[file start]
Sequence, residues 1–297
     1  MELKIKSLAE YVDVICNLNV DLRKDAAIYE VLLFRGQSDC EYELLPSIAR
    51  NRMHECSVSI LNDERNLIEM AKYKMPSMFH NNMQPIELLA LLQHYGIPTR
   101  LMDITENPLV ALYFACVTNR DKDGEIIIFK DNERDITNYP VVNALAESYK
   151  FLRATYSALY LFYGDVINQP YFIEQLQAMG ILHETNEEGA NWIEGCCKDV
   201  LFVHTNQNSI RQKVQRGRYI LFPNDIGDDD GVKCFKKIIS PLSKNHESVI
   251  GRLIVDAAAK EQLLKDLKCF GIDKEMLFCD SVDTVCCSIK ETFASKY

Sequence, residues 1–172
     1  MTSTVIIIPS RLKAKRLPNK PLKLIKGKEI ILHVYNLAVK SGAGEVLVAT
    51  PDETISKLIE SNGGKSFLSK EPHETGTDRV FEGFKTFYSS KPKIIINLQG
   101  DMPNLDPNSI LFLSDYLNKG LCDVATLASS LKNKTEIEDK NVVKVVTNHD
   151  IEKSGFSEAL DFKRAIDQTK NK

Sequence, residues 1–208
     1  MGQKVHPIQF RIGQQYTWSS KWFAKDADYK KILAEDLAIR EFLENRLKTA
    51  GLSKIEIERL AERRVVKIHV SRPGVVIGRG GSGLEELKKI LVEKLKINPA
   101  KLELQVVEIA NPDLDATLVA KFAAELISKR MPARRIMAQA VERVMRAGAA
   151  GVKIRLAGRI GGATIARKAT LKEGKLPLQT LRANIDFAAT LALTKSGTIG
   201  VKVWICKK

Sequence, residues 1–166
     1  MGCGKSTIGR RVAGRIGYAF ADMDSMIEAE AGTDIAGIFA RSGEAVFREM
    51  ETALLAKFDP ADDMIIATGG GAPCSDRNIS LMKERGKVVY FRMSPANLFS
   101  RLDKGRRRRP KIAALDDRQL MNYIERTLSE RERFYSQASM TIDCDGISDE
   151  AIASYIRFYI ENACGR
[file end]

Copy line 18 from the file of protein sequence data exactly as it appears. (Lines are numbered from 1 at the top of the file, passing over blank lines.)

   201  VKVWICKK